Quick! When does a three-pointer count for nothing?
When it's a dumb shot, and when you're playing for legendary former University of North Carolina basketball coach Dean Smith.
While coaching at Chapel Hill, Smith and his staff scored his players on the quality of their shot selection rather than on the results of their shots. Each attempt got a grade, from a low score of zero to a high of three. The coach emphasized taking the best available shot so much that in this bizarro world, whether the shot went in made no difference at all. That playground, fall-back three would earn you a fat zero on Mean Dean's clipboard. But an unguarded layup, even if it rattled out? Good decision. Three points.
Why would Coach Smith have taken such a strange approach?
He had the Foolishness to realize that although not every layup will drop, such high-probability shots are more likely to go in than not. Though it's anyone's guess what will happen each time you shoot, consistently intelligent play is virtually certain to provide above-average rewards in the long run, just as repeatedly illogical play (for example, jacking it up under heavy coverage) is overwhelmingly likely to leave you with disappointing results over time.
By redefining the rules of basketball, Smith's system provided incentives for his team to focus on process rather than outcome. Players got excited about passing to a cutting man, and they learned to eschew potentially glamorous but low-probability shots. The definition of a well-played game became one that consisted of hundreds of smart decisions, rather than five or six eye-opening but unwise miracle shots.
What can Fools learn from this little parable?
Sticking to a logical investment strategy when it isn't being rewarded in the market is in a Fool's nature, of course. Investors took three-point layups when they bought financially sound and well-run companies like H&R Block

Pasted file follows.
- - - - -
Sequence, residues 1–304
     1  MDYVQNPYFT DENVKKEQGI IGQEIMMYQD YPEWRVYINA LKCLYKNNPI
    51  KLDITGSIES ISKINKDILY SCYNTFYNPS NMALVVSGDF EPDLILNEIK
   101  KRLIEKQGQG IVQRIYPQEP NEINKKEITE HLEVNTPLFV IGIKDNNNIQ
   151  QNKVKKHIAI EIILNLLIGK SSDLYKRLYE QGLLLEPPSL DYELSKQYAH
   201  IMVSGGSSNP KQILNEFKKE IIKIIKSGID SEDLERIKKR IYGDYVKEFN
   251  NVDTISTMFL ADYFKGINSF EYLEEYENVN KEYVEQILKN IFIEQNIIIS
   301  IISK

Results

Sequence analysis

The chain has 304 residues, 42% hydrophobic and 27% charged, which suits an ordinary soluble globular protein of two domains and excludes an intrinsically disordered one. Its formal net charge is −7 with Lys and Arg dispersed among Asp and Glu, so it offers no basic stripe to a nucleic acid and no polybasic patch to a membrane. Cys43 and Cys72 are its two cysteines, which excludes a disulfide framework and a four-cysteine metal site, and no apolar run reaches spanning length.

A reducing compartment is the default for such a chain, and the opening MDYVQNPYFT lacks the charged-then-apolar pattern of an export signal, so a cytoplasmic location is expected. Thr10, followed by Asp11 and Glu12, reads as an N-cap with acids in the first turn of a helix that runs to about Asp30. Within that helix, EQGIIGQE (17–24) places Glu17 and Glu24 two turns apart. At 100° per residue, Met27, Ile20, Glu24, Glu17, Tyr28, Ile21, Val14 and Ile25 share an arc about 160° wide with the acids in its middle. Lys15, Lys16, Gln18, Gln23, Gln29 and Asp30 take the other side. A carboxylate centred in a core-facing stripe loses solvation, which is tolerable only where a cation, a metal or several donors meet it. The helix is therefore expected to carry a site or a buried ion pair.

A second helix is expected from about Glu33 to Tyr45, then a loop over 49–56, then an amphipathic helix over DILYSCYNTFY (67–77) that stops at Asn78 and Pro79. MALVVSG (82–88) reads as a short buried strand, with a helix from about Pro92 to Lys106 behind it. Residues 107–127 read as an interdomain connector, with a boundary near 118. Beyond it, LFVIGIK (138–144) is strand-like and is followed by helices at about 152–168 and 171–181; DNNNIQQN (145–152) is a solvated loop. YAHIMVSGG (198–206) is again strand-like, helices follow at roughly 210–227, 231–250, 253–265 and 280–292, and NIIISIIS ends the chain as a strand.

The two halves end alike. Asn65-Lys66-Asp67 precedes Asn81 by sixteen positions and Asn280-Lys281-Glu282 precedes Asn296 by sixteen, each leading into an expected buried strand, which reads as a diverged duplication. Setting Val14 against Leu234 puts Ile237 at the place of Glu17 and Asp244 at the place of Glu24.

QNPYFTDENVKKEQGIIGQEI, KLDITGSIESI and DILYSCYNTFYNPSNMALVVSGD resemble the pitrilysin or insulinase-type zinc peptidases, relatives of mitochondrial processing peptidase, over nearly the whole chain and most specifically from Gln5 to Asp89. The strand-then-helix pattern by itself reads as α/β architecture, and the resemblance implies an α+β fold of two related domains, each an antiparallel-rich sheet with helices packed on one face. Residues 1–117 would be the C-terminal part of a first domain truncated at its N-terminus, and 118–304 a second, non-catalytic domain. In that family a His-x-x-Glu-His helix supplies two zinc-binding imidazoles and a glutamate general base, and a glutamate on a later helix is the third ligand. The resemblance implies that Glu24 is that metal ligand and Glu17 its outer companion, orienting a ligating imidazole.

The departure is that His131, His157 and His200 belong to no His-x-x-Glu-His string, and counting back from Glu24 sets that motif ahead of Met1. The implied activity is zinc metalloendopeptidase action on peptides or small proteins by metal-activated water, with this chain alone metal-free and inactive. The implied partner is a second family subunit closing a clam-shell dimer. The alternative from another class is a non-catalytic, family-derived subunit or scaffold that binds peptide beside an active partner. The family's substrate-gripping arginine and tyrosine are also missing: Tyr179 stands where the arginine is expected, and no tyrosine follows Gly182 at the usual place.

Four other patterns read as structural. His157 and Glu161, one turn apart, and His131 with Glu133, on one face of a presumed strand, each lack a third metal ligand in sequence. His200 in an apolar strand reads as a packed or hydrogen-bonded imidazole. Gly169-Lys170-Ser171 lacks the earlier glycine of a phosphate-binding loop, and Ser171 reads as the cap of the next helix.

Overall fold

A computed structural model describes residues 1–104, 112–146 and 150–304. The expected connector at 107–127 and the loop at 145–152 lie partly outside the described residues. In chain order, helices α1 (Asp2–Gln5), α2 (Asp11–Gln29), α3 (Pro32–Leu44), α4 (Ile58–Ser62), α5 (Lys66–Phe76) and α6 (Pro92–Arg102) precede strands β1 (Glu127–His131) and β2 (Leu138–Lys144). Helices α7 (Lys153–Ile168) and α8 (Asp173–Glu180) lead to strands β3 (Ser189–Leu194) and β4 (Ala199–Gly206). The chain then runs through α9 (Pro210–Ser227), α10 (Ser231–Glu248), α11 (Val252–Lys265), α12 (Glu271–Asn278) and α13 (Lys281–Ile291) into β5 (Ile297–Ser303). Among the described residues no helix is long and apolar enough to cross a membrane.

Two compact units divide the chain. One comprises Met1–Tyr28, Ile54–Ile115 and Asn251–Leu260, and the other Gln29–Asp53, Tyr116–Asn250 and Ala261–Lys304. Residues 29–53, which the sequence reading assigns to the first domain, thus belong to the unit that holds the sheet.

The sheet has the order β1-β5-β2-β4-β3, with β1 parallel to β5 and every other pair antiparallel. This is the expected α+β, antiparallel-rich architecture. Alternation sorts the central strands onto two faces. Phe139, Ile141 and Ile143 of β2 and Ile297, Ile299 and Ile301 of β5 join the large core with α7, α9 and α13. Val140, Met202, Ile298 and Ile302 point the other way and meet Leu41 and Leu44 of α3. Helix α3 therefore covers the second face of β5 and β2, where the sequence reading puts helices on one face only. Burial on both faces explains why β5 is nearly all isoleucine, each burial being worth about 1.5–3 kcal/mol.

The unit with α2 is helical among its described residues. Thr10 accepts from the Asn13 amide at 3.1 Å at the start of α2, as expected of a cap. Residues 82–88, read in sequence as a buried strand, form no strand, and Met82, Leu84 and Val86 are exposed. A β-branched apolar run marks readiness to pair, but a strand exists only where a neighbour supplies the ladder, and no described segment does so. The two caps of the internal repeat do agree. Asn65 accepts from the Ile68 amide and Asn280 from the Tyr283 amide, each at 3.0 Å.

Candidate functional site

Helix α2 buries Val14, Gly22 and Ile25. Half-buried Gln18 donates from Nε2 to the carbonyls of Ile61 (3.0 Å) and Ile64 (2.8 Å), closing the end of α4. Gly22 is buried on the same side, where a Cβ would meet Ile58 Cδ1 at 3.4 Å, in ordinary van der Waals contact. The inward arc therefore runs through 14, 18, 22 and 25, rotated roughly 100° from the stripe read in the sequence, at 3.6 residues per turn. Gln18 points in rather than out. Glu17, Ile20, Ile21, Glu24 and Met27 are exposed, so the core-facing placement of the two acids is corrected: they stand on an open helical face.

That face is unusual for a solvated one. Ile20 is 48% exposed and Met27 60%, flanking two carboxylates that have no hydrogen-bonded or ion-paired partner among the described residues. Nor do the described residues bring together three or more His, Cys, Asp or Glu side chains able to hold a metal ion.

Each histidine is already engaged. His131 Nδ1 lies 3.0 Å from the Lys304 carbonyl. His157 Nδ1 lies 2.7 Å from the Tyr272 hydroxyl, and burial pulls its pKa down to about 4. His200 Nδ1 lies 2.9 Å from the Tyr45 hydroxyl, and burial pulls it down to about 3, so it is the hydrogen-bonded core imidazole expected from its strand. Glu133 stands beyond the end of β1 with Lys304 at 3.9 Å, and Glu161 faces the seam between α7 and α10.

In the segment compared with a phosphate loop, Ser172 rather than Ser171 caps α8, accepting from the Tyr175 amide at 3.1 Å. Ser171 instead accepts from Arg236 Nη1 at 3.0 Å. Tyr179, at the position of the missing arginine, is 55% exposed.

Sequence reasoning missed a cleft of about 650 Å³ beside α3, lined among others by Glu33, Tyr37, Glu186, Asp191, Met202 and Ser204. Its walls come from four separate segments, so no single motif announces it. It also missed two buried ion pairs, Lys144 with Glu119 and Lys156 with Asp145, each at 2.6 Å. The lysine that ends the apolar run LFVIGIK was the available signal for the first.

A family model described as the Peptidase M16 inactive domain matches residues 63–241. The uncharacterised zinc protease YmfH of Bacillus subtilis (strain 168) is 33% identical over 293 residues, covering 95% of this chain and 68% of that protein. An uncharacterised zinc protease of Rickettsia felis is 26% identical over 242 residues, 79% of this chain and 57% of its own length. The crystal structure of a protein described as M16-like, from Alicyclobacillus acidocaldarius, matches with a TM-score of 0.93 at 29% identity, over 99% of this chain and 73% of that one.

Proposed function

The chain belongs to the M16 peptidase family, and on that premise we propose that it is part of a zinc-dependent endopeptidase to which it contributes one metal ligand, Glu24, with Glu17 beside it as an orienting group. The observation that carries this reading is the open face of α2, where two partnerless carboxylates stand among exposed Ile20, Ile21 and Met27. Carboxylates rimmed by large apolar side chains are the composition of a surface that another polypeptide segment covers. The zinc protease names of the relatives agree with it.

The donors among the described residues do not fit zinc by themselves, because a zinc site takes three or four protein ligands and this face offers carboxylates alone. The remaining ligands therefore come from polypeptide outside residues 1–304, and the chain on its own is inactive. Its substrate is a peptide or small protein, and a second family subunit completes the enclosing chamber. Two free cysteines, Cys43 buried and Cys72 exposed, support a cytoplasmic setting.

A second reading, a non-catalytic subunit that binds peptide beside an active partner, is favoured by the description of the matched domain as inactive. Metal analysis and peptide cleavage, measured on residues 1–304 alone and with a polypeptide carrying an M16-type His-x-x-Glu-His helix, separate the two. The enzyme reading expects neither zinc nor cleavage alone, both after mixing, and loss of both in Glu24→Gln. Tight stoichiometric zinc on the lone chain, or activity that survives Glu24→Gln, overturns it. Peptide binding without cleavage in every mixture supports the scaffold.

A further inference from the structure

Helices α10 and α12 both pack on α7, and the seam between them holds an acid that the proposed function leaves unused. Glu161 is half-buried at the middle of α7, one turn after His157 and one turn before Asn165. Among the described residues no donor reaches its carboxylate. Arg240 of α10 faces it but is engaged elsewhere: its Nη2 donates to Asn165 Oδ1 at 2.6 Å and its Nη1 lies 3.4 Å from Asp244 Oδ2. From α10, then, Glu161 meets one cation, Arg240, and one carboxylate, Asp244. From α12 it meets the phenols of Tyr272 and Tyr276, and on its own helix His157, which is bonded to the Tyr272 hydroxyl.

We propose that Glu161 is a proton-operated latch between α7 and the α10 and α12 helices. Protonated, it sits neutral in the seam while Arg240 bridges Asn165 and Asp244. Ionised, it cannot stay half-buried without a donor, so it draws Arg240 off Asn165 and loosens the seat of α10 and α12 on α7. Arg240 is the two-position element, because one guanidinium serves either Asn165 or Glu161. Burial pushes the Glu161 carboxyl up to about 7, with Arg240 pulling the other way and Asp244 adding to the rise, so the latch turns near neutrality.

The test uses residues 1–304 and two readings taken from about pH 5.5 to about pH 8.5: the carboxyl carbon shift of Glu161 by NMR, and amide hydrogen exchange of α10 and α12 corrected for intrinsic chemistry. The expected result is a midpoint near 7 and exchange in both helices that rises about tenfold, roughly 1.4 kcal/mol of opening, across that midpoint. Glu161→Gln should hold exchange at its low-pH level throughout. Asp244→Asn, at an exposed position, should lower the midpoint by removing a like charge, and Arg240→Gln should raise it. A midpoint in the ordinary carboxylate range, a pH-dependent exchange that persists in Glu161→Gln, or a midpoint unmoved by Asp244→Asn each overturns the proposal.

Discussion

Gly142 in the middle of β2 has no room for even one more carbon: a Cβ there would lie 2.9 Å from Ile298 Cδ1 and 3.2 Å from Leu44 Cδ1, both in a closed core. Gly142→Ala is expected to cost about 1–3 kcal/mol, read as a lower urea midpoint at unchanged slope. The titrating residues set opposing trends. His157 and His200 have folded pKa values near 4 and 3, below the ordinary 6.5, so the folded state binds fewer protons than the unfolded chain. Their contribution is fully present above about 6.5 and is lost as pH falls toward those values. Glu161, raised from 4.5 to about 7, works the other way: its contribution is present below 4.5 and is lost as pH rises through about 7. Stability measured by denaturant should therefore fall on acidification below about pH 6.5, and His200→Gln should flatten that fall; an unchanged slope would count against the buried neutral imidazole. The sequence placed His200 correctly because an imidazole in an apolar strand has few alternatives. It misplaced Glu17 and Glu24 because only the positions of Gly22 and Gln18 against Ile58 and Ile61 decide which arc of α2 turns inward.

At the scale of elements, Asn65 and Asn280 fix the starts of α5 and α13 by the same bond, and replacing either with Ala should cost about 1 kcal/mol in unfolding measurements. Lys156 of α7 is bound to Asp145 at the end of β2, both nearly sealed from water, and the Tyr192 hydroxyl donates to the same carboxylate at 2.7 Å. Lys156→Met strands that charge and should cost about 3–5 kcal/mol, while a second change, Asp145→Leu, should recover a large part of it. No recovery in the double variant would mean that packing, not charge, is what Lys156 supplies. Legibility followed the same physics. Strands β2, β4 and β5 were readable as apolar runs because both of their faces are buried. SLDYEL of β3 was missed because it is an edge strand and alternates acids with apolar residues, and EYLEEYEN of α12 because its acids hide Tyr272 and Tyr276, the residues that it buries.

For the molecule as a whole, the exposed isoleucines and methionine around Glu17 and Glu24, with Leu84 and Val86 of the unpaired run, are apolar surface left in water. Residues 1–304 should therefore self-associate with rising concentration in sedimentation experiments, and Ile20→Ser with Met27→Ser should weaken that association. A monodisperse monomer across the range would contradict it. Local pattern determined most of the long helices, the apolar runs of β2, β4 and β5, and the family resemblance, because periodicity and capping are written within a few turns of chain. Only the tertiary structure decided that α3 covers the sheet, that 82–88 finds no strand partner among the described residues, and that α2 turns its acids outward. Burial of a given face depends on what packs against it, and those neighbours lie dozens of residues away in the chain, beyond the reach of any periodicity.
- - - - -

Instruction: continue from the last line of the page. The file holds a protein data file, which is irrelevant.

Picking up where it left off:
But who among us hasn't beamed smugly after a stock rose for a reason that had absolutely nothing to do with why we bought it? Just as surely as good shots can go unrewarded for some time, the market often rewards bad shots.
For example, let's say you scooped up Martha Stewart Living Omnimedia
The stock's performance over the next year would have you joyously plastering your home with sunflowers and doilies, as it more than quadrupled to $37 by February.
A swish. But does that necessarily mean it was a good shot?
No. Good operating results are still nowhere to be seen. The stock now trades at around $22, and the latest 10-K reveals that the company's net loss mounted from $2.8 million in 2003 to $59.6 million in 2004, as cash poured out the doors like blood from the elevator in The Shining. Even so, the stock remains priced at a rich premium to the market and industry -- its forward price-to-earnings ratio, according to Yahoo! Finance, is 535.
As Dean would tell you, this half-court prayer may have banked in, but making a habit out of these kinds of circus shots is going to get you benched pretty quickly. Thanks, Coach.
Fool contributor John Mooney does not own any shares mentioned in this article.